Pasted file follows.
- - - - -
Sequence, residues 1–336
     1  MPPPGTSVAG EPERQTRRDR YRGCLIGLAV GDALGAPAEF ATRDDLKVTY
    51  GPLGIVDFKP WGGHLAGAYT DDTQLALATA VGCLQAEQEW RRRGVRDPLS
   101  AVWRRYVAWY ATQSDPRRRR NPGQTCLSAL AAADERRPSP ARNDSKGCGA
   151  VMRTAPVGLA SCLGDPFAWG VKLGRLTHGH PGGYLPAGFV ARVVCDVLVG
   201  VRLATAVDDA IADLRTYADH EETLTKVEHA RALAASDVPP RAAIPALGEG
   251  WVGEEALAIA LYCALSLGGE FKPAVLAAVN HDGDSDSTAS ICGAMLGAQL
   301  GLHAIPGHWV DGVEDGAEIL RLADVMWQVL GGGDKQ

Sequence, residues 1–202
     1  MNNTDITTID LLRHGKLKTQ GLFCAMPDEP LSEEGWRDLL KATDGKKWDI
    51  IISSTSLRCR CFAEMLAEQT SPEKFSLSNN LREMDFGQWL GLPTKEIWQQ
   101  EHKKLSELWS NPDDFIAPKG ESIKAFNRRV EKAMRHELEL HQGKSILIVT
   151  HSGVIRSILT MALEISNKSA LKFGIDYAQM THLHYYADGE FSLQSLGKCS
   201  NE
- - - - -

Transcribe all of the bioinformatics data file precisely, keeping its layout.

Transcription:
Sequence, residues 1–336
     1  MPPPGTSVAG EPERQTRRDR YRGCLIGLAV GDALGAPAEF ATRDDLKVTY
    51  GPLGIVDFKP WGGHLAGAYT DDTQLALATA VGCLQAEQEW RRRGVRDPLS
   101  AVWRRYVAWY ATQSDPRRRR NPGQTCLSAL AAADERRPSP ARNDSKGCGA
   151  VMRTAPVGLA SCLGDPFAWG VKLGRLTHGH PGGYLPAGFV ARVVCDVLVG
   201  VRLATAVDDA IADLRTYADH EETLTKVEHA RALAASDVPP RAAIPALGEG
   251  WVGEEALAIA LYCALSLGGE FKPAVLAAVN HDGDSDSTAS ICGAMLGAQL
   301  GLHAIPGHWV DGVEDGAEIL RLADVMWQVL GGGDKQ

Sequence, residues 1–202
     1  MNNTDITTID LLRHGKLKTQ GLFCAMPDEP LSEEGWRDLL KATDGKKWDI
    51  IISSTSLRCR CFAEMLAEQT SPEKFSLSNN LREMDFGQWL GLPTKEIWQQ
   101  EHKKLSELWS NPDDFIAPKG ESIKAFNRRV EKAMRHELEL HQGKSILIVT
   151  HSGVIRSILT MALEISNKSA LKFGIDYAQM THLHYYADGE FSLQSLGKCS
   201  NE